On the American side, General Dwight D. Eisenhower issued orders that shooting at enemy aircrew who had bailed out as forbidden.

Air Force fighter jets will control drones
These guys are fair game. (Photo by Elena Baladelli/US Army)

Pilots on the Japanese side had no such hesitation, partially stemming from a code that viewed surrender as dishonorable. Many Allied airmen in the Pacific found that bailing out from a crippled plane was sometimes like going from the frying pan into the fire.

One airman, though, was able to shoot a Japanese pilot trying to machine gun him with his M1911!

In short, if you’re even playing a video game and you’re tempted to shoot at the folks who bailed out, don’t do it.

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America’s most beloved military veterans

While all of our veterans should be beloved and respected, many have stuck in the public consciousness. Some became famous veterans because of their incredible accomplishments in war, and others because of their accomplishments in entertainment or business after their service. While some of the names on this list of famous US veterans are decorated heroes, and others were malcontents who couldn’t stay out of military prison (looking at you, George Carlin), all are veterans that are now loved and respected by the public.


Veterans like bomber pilot and movie star Jimmy Stewart, are obviously iconic. Others, like former Marine Corps driver turned icon Bea Arthur, might be people you had no idea served in the military. Their accomplishments in uniform run the gamut, from the heroism of Audie Murphy to personally having a bounty put on them by Hitler (Clark Gable) to undistinguished stints that ended quickly. A few fought in World War II and became highly anti-authoritarian. There are even some baseball players who gave up years of their careers to put themselves in harms way in combat in both World Wars.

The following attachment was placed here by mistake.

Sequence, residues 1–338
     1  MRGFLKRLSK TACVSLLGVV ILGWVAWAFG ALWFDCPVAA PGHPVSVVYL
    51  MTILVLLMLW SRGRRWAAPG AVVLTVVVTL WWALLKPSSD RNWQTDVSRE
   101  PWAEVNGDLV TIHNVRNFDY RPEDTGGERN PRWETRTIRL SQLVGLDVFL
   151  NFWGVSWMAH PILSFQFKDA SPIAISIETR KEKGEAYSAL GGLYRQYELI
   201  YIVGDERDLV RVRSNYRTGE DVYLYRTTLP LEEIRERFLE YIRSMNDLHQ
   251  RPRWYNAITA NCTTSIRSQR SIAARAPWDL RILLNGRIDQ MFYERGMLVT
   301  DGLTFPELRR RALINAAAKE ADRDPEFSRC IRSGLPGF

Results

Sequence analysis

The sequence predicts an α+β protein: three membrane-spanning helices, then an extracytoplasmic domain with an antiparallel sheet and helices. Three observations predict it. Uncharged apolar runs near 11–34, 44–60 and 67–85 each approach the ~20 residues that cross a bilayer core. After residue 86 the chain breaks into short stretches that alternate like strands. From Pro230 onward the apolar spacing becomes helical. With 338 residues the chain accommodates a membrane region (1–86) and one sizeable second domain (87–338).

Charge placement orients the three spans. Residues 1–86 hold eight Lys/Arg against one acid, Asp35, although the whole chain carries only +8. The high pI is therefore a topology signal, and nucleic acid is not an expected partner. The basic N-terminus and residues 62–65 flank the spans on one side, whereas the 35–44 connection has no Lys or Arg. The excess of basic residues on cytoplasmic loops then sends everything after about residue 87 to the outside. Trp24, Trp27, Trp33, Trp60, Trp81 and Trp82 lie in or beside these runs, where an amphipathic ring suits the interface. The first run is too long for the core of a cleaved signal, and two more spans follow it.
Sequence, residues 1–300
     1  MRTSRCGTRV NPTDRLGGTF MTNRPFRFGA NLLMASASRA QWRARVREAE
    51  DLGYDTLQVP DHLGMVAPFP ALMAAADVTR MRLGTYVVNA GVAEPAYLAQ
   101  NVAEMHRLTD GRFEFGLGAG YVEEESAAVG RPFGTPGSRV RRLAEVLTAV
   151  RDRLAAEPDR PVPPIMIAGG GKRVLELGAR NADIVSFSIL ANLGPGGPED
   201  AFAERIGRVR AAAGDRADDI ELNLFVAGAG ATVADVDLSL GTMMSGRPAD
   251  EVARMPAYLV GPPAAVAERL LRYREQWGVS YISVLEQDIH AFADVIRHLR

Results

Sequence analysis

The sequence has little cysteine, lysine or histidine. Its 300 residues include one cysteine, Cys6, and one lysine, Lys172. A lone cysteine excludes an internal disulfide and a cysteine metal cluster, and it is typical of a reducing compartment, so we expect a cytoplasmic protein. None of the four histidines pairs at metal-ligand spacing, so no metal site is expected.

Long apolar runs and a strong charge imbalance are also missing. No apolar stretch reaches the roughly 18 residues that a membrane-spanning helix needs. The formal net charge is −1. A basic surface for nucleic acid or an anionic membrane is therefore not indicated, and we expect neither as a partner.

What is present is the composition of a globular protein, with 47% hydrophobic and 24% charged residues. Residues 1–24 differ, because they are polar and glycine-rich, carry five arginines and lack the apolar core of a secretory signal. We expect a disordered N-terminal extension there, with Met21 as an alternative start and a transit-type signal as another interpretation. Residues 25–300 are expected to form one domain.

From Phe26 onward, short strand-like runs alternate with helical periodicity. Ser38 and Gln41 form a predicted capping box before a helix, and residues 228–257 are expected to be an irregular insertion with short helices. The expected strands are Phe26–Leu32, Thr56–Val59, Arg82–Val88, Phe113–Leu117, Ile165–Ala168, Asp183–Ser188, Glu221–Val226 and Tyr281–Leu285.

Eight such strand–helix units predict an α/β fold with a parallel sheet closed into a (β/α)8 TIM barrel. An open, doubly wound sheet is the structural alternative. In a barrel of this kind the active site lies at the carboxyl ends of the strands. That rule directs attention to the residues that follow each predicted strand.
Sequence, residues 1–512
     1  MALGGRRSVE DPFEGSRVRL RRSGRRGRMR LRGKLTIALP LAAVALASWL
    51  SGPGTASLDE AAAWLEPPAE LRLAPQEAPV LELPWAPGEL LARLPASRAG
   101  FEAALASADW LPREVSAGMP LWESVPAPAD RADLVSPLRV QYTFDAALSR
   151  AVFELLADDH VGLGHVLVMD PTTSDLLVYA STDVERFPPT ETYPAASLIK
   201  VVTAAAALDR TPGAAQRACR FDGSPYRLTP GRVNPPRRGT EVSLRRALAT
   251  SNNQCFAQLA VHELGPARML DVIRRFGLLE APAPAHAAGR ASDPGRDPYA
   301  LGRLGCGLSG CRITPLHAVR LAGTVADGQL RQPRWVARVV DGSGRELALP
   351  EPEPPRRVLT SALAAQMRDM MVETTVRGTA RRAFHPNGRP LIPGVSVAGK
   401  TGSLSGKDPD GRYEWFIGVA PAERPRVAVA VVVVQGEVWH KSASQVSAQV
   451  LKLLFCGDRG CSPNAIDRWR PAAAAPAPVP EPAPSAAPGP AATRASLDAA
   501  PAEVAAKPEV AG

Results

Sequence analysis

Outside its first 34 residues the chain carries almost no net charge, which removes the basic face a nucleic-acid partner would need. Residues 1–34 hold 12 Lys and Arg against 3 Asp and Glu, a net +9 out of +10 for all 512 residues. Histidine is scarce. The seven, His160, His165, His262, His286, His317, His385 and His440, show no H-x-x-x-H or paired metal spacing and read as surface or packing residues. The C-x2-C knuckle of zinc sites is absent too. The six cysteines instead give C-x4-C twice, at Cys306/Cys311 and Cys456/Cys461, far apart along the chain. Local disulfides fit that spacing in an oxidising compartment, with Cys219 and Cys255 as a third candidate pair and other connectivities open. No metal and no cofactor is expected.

Vote up the American veterans you respect and revere the most, and vote down the ones who don’t deserve the admiration they get from the public. From US Army veterans to World War 2 veterans, any famous and beloved veteran of the US armed forcesdeserves a spot on this list!

Vote up the famous veterans that you love and respect the most.

The Most Beloved US Veterans

 

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The Coolest US Presidential Firsts

These Fantastic Films Just Feel Like Summer

The Best U.S. Presidents in the Past 50 Years

This article originally appeared at Ranker. Copyright 2015. Like Ranker on Facebook.